Why is there no organic production in Russia?

№ 1 от 2013 года
Автор: Шарова Н. Е.
УДК 338.43
Автономная некоммерческая образовательная организация высшего образования «Региональный финансово-экономический институт»

Эта статья доступна только на английском языке

Contemporary situation and policy in terms of organic production in Russia

Demand for organically produced food in Russia is small and the market for organic food is at an embryonic stage. However, issues such as the enactment of the above mentioned law, pesticide poisonings and GMOs have provoked a public debate about food quality and increased interest in organic food especially in urban areas. Thus, the availability of reliable labeled organic food may stimulate the Russian domestic market, as has been the case in many European countries. The Russian government regulation “About approval of the common list of goods for compulsory certification, and the common list of goods for which the confirmation of its conformity is in the form of a declaration of compliance” has entered into force from February 15 2010. The essence of this regulation is the replacement of compulsory certification for food and cosmetic goods with a declaration of compliance. This means transferring the responsibility for product quality and compliance with the requirements of State Certification Agencies to producers. It has aroused debates in mass media and the scientific community about the benefits and possible negative consequences of this regulation for both manufacturers and customers. On the one hand it will reduce administrative barriers for firms which should result in an increase in the number of players and competition in the market (Petrov, 2010), but on the other hand it can result in an increasing amount of sub-quality and counterfeit products from unscrupulous producers. The supporters of this law assert that customers’ preferences and corporate competition will eventually exclude substandard products from the market; but Russian consumers would consider mass poisoning via low quality products and ingredients during this transition period too high a price. After the enforcement of the above mentioned law, 11.6% of food consumers have changed their eating habits to organic products regardless of existing high prices.

Let us take a deeper look at what the term “producers’ responsibility” means in Russia.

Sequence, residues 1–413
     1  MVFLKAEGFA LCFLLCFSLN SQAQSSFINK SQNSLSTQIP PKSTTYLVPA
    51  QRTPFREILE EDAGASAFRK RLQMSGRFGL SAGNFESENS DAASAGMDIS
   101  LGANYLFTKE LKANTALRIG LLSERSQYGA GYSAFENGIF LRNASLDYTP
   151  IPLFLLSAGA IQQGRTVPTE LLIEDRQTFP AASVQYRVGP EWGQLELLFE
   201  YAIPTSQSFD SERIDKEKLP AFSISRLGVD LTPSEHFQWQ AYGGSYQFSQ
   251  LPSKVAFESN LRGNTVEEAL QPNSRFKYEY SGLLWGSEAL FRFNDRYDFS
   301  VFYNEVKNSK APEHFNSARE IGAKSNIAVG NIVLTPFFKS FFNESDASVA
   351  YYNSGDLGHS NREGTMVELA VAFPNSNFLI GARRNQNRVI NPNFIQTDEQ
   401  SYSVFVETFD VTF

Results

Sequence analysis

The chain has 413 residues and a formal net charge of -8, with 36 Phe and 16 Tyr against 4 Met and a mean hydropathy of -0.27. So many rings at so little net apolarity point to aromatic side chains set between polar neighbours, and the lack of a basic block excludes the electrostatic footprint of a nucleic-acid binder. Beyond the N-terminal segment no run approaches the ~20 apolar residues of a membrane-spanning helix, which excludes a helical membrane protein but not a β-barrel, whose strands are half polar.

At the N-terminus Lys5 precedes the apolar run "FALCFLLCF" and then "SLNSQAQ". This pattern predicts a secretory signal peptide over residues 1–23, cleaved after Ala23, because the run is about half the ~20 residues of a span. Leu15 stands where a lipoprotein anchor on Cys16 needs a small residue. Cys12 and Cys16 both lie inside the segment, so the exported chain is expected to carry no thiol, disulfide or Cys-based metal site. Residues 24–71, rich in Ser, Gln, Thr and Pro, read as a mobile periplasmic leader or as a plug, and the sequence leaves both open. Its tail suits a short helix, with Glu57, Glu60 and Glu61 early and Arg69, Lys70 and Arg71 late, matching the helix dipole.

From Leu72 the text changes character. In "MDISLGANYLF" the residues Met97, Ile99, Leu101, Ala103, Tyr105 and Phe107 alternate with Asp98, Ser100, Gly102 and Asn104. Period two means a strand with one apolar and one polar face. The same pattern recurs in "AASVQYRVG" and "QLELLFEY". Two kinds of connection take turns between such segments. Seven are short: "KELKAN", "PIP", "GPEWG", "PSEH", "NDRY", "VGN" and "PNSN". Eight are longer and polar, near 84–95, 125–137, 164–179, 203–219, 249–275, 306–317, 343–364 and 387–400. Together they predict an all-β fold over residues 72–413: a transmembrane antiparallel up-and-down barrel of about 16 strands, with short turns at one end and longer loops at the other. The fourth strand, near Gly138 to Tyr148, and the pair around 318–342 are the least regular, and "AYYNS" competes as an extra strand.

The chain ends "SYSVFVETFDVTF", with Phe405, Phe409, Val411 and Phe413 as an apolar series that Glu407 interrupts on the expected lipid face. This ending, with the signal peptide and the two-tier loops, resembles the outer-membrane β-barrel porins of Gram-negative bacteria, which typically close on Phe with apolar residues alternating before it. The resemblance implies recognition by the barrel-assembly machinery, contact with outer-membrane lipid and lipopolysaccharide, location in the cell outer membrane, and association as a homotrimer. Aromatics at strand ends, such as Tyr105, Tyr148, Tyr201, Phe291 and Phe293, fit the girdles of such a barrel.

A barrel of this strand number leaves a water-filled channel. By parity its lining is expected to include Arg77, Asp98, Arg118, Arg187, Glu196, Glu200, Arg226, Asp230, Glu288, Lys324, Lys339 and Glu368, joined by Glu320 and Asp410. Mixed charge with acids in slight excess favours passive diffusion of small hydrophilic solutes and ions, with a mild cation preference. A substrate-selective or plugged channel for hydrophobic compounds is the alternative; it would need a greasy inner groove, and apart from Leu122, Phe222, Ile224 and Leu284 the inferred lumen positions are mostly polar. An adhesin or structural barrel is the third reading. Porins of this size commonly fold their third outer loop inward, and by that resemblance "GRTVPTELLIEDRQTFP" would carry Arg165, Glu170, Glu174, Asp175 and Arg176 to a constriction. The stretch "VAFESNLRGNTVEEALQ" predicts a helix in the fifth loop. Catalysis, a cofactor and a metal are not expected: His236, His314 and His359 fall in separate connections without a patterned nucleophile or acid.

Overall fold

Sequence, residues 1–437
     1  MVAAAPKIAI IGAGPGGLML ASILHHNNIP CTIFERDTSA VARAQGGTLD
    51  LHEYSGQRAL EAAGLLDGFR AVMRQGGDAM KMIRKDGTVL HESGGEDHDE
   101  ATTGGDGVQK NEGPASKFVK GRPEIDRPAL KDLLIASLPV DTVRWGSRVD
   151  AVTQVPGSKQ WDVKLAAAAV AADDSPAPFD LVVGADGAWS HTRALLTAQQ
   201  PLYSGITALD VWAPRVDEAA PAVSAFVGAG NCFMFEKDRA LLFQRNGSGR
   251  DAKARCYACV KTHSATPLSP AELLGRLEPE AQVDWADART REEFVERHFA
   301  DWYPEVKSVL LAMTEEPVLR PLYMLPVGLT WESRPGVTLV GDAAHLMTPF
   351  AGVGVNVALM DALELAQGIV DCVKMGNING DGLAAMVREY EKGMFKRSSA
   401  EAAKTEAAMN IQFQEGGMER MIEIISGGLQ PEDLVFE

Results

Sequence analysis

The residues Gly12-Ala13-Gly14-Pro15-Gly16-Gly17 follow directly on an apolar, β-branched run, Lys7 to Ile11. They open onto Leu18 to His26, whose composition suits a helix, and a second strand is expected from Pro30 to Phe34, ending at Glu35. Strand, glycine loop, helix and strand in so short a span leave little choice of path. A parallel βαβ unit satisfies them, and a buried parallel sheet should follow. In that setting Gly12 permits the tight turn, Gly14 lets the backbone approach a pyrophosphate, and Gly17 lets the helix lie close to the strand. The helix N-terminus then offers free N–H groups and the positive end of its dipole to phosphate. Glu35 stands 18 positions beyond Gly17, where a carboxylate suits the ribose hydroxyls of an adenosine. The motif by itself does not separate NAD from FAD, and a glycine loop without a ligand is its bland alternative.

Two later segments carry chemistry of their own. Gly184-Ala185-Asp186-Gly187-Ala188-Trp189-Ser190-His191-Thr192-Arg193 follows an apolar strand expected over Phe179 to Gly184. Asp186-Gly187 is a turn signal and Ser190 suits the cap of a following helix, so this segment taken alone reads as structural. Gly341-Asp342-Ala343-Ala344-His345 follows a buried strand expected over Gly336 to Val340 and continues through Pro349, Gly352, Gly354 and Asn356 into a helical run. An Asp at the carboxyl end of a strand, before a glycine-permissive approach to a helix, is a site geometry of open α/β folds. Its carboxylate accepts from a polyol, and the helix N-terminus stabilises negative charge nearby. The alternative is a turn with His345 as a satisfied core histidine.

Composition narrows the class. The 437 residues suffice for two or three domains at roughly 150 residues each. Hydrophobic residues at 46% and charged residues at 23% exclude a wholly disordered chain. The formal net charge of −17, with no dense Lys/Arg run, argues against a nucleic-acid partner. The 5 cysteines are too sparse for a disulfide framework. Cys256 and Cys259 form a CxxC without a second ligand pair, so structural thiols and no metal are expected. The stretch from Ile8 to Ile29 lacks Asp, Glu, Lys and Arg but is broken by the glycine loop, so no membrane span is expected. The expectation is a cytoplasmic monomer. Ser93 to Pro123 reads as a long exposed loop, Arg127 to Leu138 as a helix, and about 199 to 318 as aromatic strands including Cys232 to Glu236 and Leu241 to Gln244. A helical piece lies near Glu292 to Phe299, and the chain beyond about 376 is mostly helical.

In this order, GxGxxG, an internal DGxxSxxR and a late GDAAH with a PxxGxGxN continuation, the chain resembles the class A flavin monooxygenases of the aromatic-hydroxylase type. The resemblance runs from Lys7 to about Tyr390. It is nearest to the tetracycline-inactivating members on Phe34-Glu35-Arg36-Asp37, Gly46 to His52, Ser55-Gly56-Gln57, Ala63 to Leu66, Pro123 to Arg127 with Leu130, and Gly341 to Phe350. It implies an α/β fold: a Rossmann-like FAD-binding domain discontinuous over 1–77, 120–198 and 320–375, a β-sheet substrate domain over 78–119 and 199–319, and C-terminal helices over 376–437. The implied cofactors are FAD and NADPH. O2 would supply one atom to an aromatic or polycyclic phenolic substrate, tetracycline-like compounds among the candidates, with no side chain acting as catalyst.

Today Russian shoppers are more concerned about, and interested in, the food they eat than ever before. In these circumstances access to reliable information about the origin, ingredients, caloric and nutritional content of food is even more important in Russia. Currently, according to Russian Federal law № 29 “About quality and safety of food products” chapter 5, paragraph 27, the criminal liability for its transgression arises only in the case if “it has resulted in causing a disease, poisoning or death”. And what is the statutory punishment for misinforming customers and labeling a product as ecologically clean when it is not? According to Russian “Code of administrative violations” paragraph 14.4 “Selling goods or services with improper quality or violation of sanitary regulations” leads to an administrative fine of 4,000-5,000 Rubles (about $130-160 at the June 2010 exchange rate) for public officers or individual entrepreneurs and 40,000-50,000 Rubles (about$1290-1600 at the June 2010 exchange rate) for corporations. It is obvious that on the one hand labeling non-organic products as “organic” will rarely cause disease or death and consequently will never lead to criminal liability of producers, on the other hand the above mentioned lenient financial penalties are ineffective especially for large-scale producers and it seems very profitable for them to increase consumption without any efforts and costs devoted to improving product quality. Placing attractive words such as “organic” or “BIO” on the label will easily cover all financial penalties with considerable profit. Therefore this premeditated deception must be legally considered as fraud which is prosecuted as a criminal offense.